It doesn’t matter when you grew up watching TV. The dreaded eyesore of “black bars” is a universal plague that haunts watch parties, ruins classic movies and sparks passionate, frustrating debate with no satisfying victor.
If you’re watching an older film, you might find large black bars sandwiching the film on the top and bottom of your screen. If you’re watching TV from before the turn of the century, they might squeeze the picture in from the sides. It’s a common curse of aspect ratios of bygone eras not quite lining up with the size of the screens we keep in our homes. At least we can expect some conformity from contemporary TV and movies made for modern televisions, right?
Maybe not. Meet, a that originally debuted in a wide-screen aspect ratio three years ago, but has been reborn on HBO Max with new scenes, more characters and two intimidating black bars flanking either side of a square-framed picture.
Do not adjust your TV. This is exactly what Zack Snyder intended.
So what’s going on here?
Zack Snyder’s Justice League is bucking an industry trend, presenting itself in a 1.33:1 aspect ratio as opposed to a more standard widescreen format. It’s absolutely weird, and it feels “wrong” because we’re not used to it, but it’s not actually all that strange. The Snyder Cut’s square framing is essentially the same 4:3 framing that dominated television programming from the 1920s until the late 1990s. Most importantly, it’s framed this way to better fit IMAX formatting.
Why would he do that?
The short answer? Artistic vision. While working on Batman v. Superman, Zack Snyder grew enamored with how its IMAX scenes looked on the oversized format’s screen. Speaking at a JusticeCon digital panel last year, Snyder said watching those sequences on the extra-large format made him “obsessed with the big square.” When it came to film Justice League, he kept that larger aspect ratio in mind.
“I really started just, compositionally, really falling in love with that concept.” Snyder said during the same JusticeCon panel. “Superheroes tend to be, as figures, they tend to be less horizontal. Maybe Superman when he’s flying. But when he’s standing, he’s more of a vertical. Everything is composed and shot that way, and a lot of the restoration is sort of trying to put that back. Put these big squares back.”
But the 2017 version of the film doesn’t look like this.
It does not, but that’s not exactly Zack Snyder’s fault. Although he started production on that version of the film, he had to step away in 2017 following a family tragedy. Joss Whedon stepped in to, but the change in direction left viewers with a film that strayed pretty far from Snyder’s original vision. Fans called for Warner Brothers to #ReleaseTheSnydercut, and here we are — new aspect ratio and all.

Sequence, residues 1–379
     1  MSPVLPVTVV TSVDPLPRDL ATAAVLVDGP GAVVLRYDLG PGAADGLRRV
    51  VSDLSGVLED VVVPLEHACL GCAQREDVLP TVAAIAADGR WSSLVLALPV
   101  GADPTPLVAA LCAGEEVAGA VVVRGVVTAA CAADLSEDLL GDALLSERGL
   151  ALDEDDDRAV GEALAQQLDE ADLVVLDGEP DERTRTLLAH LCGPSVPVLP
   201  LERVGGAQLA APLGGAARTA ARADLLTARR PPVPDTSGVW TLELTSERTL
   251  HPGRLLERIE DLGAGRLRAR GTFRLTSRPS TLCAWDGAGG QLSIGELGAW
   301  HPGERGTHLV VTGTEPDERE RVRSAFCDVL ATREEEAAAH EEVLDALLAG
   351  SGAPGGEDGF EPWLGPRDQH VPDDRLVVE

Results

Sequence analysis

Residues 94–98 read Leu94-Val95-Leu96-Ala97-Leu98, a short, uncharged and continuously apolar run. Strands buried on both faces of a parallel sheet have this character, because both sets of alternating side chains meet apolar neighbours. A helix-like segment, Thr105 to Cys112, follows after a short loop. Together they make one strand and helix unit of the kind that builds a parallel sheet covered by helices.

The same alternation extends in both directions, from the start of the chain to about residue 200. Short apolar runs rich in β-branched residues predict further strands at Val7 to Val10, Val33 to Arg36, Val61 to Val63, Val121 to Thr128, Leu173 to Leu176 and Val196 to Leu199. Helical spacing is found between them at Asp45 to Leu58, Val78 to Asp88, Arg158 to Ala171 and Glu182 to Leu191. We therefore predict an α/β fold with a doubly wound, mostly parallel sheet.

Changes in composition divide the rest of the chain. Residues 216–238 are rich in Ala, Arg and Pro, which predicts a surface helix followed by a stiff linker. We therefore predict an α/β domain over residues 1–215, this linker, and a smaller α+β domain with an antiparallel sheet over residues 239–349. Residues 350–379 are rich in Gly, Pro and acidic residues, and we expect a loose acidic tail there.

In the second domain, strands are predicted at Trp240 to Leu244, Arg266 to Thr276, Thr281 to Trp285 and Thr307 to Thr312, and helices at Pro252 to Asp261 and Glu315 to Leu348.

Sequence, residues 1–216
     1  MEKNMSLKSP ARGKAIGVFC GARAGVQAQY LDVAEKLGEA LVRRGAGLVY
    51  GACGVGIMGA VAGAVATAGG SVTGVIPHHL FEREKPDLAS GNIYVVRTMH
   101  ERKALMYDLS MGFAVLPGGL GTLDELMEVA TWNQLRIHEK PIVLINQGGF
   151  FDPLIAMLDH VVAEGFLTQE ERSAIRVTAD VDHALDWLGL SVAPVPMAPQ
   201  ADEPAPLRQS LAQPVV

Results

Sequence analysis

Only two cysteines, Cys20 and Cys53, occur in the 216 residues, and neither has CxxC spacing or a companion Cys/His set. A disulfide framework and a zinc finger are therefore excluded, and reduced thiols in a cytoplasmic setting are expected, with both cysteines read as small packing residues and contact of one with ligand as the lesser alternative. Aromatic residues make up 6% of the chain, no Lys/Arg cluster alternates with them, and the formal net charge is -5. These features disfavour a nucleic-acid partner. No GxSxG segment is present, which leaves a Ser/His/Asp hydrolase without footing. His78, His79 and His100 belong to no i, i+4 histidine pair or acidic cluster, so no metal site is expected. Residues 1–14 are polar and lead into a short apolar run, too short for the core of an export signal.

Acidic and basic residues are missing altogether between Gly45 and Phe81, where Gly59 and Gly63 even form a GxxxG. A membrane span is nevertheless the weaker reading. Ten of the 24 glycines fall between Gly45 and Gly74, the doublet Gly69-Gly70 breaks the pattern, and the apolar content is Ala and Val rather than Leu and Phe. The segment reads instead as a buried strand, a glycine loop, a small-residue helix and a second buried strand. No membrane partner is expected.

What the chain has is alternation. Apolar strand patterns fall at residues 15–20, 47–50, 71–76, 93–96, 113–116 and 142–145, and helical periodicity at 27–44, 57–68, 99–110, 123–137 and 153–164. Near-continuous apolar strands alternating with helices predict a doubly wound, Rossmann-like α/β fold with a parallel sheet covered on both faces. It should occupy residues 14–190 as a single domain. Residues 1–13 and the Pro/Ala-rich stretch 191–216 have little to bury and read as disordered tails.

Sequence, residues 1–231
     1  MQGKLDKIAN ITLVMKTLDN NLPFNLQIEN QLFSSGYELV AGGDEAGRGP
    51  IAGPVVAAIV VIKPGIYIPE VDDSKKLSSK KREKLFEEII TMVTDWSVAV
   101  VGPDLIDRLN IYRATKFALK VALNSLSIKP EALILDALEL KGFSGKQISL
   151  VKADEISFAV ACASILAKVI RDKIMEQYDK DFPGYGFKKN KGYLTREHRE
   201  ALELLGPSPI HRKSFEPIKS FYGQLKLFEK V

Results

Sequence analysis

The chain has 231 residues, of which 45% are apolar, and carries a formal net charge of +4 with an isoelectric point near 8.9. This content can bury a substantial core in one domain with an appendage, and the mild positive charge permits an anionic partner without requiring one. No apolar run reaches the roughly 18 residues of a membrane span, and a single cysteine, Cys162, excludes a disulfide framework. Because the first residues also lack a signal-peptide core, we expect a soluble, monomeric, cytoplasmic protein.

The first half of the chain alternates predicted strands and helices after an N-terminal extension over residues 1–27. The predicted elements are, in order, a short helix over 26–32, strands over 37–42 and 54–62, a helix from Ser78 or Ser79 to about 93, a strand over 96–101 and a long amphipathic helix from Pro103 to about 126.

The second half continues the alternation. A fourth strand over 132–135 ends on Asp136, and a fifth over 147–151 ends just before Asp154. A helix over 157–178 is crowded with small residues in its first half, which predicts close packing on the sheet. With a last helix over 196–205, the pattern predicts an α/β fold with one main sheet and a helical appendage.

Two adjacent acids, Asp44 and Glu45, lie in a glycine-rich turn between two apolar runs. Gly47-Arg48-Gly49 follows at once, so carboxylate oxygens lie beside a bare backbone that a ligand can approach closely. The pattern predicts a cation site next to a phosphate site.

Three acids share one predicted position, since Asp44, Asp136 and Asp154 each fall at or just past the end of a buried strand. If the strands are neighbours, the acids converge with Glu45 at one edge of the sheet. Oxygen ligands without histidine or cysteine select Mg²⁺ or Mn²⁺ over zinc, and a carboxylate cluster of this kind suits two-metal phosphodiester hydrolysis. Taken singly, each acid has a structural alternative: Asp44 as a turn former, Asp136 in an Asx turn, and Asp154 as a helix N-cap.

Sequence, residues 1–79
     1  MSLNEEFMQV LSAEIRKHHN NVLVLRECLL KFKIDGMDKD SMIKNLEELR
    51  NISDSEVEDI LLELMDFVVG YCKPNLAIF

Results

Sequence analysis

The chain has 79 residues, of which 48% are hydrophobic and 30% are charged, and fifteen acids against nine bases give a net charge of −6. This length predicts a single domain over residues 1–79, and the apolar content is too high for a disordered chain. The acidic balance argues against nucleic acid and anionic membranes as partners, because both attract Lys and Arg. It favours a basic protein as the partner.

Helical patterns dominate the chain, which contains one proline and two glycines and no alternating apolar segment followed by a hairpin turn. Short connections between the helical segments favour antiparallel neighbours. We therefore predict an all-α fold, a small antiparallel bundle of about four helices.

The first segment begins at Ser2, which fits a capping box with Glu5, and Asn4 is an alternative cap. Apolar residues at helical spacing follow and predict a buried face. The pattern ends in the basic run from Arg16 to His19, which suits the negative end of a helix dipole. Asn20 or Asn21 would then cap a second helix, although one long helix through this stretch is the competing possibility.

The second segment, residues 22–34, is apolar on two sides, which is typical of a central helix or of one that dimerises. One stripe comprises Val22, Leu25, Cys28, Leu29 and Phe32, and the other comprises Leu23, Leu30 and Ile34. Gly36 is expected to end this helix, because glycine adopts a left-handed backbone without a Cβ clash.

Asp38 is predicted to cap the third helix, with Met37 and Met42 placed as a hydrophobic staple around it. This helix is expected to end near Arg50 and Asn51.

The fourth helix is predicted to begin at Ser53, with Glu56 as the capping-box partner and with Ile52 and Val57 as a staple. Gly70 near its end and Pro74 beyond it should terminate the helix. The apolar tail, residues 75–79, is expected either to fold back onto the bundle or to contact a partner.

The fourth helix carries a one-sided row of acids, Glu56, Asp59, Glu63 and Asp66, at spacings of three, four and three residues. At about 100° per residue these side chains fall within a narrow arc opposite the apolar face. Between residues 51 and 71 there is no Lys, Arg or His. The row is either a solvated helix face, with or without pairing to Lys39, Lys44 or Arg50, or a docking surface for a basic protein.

The good news is that this means you’re actually seeing more of the picture than you would have in the original film: Snyder shot most of the footage with the larger, square frame in mind. Technically, the widescreen crop on the 2017 version of the film cuts off key parts of scenes Snyder shot before Whedon took over for reshoots and the final cut. The new framing is the difference between each director’s final vision for the film.
Snyder even drew a picture to illustrate the issue: without the black bars on the side, you wouldn’t be able to see the Bat-signal.
It still feels weird to watch this on my TV. Why is that?
Because it’s not designed for your TV. Zack Snyder is right, in an IMAX presentation, on a giant 70-foot screen, 1:43:1 can look pretty amazing — but with most movie theaters closed due to the COVID-19 pandemic, you’re probably watching it on a TV. Even though there’s technically more image to see, it looks smaller because your TV isn’t designed for the more square image. It doesn’t use the full display. That’s a little less amazing.
Is there anything I can do about it?
Yes, but you probably won’t want to. Most TVs these days include aspect ratio settings that allow you to change how the picture displays. You can zoom it in, or stretch the image to fill the entire screen. You’ll get rid of the black bars, but you’ll probably cut off part of the picture in the process.
Alternatively, you could watch it on an iPad. The tablet’s screen has a 4:3 aspect ratio by default, making the film a perfect fit. It honestly looks great on an iPad, but putting the film on a smaller tablet display kind of flies in the face of Snyder’s “big square” vision.
Is there anything else I should know?
Only that aspect ratios are a trend, and trends change. For the first 30 years of film, a 1.33:1 frame very similar to the Snyder Cut was the standard, but that changed over time. In the 1950s, film studios started shooting movies in widescreen Cinerama and CinemaScope format to boost ticket sales. In the 1970s, IMAX debuted as a “tall” answer to widescreen films. Today’s common format of 16:9 was a compromise made by TV manufacturers to reduce how many letterboxed black bars viewers had to put up when watching movies shot on all those other aspect ratios.
And these days, the framing argument is more complicated than ever. Shows like, , and Westworld sometimes change aspect ratios halfway through an episode. It’s a little jarring, but it’s clear that filmmakers don’t subscribe to any single standard anymore.
Zack Snyder’s Justice League absolutely looks weird, particularly on your TV, but love it or hate it, there’s nothing you can do about it. With a 4-hour runtime, you’ll have plenty of time to decide how you feel about it.
And you might even see more films like it in the future.